Random and Sequential Read/Write
We use CrystalDiskMark 3.0.1 benchmark to test the random- and sequential read and write speed. This benchmark is convenient to work with as it can measure the speed of an SSD with both incompressible random and fully compressible recurring data. This feature is important for testing SSDs based on SF-2281/2282 controller, which tries to compress the data before writing it into the flash-memory. So, there are two numbers in the diagrams below that reflect the maximum and minimum SSD speed. The real-life performance of an SSD is going to be in-between those two numbers depending on how effective the controller data compression is.
Note that the performance tests in this section refer to SSDs in their “Fresh Out-of-Box” state (FOB). No degradation could have taken place yet.
We’ve mentioned above that the capacity of 120/128 gigabytes isn’t optimal for SandForce-based SSDs. The numbers you can see in the diagram confirm our point. While 256GB SSDs with SF-2281 controller deliver average performance in comparison with their opponents, their 120/128GB cousins are much slower. The only scenario in which such SSDs can outperform Marvell- or Indilinx-based ones is when they process compressible data.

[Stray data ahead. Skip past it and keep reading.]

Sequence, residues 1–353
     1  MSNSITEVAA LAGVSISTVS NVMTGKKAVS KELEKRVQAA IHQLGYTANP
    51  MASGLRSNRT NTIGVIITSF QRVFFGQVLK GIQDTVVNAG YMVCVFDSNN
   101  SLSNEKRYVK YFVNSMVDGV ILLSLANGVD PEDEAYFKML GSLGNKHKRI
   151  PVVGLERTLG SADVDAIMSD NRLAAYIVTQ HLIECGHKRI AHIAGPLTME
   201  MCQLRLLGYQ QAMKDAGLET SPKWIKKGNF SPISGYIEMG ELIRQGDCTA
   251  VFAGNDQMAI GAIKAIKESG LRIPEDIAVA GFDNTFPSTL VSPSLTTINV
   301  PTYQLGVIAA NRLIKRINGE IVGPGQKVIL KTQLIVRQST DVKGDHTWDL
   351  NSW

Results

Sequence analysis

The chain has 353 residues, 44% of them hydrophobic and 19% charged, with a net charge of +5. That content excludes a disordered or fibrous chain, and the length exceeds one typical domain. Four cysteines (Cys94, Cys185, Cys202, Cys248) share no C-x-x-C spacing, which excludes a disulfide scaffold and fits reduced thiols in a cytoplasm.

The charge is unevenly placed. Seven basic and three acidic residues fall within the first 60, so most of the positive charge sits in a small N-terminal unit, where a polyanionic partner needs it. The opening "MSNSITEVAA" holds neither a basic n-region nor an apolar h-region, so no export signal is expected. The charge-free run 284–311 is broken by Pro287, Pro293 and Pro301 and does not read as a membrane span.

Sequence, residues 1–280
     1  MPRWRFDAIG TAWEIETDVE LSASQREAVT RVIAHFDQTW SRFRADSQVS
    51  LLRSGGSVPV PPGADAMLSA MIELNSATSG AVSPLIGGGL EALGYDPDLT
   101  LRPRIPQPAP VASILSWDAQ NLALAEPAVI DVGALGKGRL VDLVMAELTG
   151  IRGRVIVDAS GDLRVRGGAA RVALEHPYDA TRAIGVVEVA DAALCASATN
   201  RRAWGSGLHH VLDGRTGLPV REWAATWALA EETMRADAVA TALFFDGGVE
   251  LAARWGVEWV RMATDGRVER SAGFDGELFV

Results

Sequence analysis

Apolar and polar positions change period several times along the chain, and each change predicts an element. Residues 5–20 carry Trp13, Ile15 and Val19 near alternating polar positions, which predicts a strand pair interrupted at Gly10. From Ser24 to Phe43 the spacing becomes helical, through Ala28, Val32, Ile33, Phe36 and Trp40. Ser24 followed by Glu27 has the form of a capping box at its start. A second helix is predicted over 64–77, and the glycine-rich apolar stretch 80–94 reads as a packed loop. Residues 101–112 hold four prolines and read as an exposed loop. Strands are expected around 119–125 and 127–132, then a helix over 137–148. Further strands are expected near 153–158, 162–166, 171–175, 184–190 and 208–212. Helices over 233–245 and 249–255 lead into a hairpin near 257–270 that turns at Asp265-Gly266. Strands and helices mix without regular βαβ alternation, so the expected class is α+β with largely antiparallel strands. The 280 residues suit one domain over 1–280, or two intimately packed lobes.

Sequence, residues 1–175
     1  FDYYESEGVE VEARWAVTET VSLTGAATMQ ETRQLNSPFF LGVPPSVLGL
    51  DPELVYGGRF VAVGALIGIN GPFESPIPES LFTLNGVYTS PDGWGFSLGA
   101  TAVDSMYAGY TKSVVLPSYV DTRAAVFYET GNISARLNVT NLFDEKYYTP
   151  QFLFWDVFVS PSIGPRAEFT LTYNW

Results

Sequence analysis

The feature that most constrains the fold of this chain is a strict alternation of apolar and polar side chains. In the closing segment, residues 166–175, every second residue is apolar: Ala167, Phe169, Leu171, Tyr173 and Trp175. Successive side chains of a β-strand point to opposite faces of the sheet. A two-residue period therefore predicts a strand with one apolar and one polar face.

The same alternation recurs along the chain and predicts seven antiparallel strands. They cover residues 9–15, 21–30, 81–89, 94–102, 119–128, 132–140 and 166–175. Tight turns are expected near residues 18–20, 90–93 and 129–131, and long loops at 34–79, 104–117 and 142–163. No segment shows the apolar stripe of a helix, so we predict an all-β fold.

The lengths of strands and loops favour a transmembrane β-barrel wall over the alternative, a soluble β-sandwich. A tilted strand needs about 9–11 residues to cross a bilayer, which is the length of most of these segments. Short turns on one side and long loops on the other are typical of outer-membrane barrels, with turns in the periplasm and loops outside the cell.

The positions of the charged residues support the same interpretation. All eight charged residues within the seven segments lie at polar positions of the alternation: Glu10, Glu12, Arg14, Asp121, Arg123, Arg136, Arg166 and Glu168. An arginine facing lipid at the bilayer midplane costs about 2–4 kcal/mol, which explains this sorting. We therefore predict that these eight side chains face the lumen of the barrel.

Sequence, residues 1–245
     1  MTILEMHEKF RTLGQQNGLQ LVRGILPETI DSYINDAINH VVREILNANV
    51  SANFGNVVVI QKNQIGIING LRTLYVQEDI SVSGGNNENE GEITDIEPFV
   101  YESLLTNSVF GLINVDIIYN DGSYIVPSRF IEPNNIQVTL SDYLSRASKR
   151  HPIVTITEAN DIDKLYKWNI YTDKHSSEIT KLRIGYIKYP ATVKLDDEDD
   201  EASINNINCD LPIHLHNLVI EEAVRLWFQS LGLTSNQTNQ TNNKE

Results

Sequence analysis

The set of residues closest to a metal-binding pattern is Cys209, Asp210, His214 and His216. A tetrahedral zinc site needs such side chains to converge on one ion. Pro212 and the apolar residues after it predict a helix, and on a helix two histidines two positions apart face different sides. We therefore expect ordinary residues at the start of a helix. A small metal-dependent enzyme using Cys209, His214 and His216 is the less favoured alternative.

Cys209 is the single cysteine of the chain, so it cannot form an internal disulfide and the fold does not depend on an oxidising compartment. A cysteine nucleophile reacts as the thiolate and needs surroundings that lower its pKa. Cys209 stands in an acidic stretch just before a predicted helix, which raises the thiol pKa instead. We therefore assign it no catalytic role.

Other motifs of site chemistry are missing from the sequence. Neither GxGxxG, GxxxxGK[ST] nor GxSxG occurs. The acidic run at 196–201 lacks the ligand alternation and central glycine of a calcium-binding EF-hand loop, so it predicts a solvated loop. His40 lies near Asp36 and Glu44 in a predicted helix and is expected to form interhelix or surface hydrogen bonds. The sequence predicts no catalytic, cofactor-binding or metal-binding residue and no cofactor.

The Silicon Power Velox V60 and the Transcend SSD720 behave like typical SandForce-based products with synchronous flash. They differ somewhat from the Corsair Force GT, yet this difference is too small, even though their Toggle Mode NAND flash can ensure higher performance than ordinary synchronous flash from Intel or Micron. The best SandForce-based SSD here is Intel’s SSD 330, though. As with the SSD 520 model, Intel’s exclusive firmware does the trick.
We can also see no fundamental difference between the Transcend SSD720 and the other SandForce-based products. It looks like the turning off of RAISE technology doesn’t affect its performance much, at least when the SSD is in its out-of-box state.